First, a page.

Much to the dismay of parents looking for affordable education for their children, the government, which has drafted a new fee structure for private schools under the Karnataka Educational Institutions (Regulation of Certain Fees and Donation) Rules, 2016, it has not notified them as yet.
Although Primary and Secondary Education Minister, Tanveer Sait had promised the rules would be notified by November 2017 and then later, January 2018, they are still to be enforced.
General secretary of the Karnataka Associated Managements of Primary and Secondary Schools (KAMS), D. Shashikumar, claims the delay in notifying the rules is deliberate to allow some schools to continue their exorbitant fee collection. “KAMS filed suggestions and objections to these rules way back in 2016 , but we are still waiting for the official notification,” he regrets, adding that 95 per cent of the private schools will have to fall in line once the regulations come into force.
But denying any deliberate delay, an official of the education department says the government is only making sure the rules are error-free and do justice to all stakeholders. “When something of this importance is involved, the rules cannot lead to more confusion,” he argues, adding that bringing CBSE and ICSE schools under the new regulations is proving tedious.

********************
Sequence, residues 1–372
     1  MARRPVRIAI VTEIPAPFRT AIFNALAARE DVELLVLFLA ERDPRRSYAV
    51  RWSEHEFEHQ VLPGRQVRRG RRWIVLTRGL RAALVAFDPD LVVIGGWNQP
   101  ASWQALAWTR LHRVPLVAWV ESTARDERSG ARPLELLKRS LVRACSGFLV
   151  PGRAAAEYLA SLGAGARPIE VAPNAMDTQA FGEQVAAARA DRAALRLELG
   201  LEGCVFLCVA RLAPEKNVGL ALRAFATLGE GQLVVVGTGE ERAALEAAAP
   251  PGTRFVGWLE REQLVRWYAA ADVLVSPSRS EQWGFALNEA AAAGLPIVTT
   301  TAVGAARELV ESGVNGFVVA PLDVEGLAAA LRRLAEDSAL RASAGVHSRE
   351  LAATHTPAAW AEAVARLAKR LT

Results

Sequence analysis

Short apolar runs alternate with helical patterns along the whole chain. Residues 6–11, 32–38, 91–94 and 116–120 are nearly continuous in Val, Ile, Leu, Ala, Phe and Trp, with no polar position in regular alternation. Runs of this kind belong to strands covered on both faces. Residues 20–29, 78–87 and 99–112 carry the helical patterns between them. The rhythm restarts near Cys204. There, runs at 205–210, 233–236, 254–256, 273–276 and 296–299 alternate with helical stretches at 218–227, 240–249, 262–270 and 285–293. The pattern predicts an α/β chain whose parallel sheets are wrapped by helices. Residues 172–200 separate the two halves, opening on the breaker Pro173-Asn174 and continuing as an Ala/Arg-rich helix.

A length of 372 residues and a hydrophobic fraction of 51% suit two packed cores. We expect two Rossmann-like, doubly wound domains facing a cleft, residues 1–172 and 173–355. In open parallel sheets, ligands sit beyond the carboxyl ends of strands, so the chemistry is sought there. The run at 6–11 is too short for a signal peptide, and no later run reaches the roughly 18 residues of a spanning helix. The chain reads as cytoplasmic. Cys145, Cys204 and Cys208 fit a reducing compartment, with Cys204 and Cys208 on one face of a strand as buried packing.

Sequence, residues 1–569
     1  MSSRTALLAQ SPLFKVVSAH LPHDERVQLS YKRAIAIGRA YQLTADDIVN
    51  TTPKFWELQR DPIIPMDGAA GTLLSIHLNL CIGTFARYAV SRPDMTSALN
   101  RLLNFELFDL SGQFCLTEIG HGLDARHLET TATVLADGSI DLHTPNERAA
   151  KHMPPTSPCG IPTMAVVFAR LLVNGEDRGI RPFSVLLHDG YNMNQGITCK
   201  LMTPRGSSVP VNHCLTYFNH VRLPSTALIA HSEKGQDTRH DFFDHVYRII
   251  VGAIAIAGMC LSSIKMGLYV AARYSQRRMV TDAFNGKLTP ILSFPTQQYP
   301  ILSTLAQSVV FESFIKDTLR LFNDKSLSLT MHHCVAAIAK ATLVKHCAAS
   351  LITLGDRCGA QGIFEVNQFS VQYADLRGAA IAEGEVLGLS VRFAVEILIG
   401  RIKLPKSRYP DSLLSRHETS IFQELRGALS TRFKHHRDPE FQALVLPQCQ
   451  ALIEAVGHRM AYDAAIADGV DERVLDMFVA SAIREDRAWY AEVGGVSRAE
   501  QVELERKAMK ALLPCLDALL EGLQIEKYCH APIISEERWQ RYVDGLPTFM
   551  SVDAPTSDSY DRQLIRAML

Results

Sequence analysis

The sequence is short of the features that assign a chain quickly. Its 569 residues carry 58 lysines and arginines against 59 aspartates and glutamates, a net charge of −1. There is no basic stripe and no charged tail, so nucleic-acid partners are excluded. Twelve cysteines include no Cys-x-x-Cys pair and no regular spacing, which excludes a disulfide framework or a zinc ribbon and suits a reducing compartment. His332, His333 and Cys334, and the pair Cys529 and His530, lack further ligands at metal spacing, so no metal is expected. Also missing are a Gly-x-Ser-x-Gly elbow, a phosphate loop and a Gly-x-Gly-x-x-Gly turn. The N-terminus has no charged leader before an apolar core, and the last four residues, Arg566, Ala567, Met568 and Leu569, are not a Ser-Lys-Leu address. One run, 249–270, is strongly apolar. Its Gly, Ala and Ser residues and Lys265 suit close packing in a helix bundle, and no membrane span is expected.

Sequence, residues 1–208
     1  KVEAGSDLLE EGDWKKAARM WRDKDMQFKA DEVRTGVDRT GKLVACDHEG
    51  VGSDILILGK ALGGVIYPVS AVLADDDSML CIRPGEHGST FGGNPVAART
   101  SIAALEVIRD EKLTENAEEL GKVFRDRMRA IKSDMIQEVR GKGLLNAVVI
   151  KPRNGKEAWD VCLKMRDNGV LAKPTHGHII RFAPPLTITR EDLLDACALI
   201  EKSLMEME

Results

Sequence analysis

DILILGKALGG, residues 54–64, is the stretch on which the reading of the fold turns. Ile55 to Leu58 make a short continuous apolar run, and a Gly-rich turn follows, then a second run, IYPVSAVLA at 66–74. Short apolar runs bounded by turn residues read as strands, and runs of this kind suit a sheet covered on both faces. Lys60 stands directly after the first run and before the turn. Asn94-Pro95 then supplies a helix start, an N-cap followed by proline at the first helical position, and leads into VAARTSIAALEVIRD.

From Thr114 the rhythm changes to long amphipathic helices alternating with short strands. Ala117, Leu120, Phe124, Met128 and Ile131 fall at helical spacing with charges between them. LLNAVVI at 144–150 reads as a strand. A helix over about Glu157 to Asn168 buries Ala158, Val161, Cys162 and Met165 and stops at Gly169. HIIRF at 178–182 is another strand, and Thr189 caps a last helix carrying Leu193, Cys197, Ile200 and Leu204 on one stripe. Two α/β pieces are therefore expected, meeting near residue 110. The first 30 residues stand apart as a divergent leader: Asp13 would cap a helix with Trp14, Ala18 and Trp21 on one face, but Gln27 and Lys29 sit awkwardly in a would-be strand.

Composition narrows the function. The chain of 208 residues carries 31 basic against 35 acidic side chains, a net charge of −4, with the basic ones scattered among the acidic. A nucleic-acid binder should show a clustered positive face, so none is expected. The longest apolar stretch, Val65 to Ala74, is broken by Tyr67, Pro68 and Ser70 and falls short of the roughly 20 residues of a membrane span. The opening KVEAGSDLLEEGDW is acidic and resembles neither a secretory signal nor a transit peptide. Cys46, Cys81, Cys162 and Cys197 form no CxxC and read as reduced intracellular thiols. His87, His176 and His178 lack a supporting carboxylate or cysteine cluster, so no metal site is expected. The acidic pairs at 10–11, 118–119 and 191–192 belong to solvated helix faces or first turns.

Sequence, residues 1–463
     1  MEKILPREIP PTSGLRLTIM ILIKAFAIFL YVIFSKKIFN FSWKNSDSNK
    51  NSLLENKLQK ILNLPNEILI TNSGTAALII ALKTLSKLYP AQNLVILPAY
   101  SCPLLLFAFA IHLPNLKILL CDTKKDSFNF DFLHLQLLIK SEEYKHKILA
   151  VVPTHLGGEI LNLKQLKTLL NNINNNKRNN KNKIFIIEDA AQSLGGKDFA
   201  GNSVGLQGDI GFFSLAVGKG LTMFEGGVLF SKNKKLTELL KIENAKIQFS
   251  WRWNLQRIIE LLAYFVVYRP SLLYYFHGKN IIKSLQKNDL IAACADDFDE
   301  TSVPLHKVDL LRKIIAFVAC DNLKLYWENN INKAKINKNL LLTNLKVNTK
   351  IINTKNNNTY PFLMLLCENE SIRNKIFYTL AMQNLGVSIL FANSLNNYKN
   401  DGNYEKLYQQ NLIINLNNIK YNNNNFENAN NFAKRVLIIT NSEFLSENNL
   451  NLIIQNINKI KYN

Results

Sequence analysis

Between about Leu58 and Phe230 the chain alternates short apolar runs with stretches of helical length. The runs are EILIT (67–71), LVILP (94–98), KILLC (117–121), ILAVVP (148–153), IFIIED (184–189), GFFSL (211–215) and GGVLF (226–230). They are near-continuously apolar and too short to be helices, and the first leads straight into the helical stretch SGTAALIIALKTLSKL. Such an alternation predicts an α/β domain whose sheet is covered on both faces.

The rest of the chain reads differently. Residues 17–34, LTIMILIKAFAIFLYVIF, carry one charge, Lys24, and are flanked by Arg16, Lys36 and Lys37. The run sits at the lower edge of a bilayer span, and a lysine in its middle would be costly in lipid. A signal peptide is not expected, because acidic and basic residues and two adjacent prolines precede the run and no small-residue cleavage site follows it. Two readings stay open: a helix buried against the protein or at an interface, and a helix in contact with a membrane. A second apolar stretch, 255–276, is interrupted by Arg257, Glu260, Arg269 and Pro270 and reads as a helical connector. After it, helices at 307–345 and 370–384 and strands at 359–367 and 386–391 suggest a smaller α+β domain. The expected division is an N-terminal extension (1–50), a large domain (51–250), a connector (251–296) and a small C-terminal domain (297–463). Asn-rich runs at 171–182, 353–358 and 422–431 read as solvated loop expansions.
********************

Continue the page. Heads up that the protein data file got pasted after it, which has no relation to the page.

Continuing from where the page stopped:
Earlier, in December 2017, Minister Sait had said he had received several complaints about private schools charging an exorbitant fee and the department had directed all institutions to make their fee structure public. He had also promised to refund any excess fee collected during admissions or at the start of the academic year to the parents.
Ask the education department official about the Minister’s promises and he says, “If we get any formal complaint with evidence on about excess fee collected, we will take action. That is our responsibility.”
‘Government should regulate school fee, plug loopholes’
The government’s move to regulate the fee structure of private schools is very welcome. Providing a differentiated formula based on the location of a school seems to be fair. Considering the rising teaching and non-teaching expenses, the proposed formula makes running a school a viable proposition.
But the delay has had some repercussions. Some private schools have increased their fee alarmingly this year, probably aware that the proposed rule will in future curtail a possible hike. So it's necessary to immediately to enforce the regulation after consultation with private schools owners. Parents now have a variety of choices and need to educate themselves on the kind of school they are enrolling their child into. Based on the infrastructure, location and quality of teaching resources that the schools have to offer their fee structures will differ. The choice is upto the parents finally.
For some of the more "popular" schools, the demand and supply is so high that it allows them to increase their fee structure without blinking an eyelid. The Parent-Teacher Associations must be put to better use and facilitate a dialogue between the parents, the government and the schools. While we wait for the government to implement its new rule, both parents and institutions need to go in for some self- regulation of their own .
PREETHI VICKRAM, Education Expert
Note from Kannada.Club :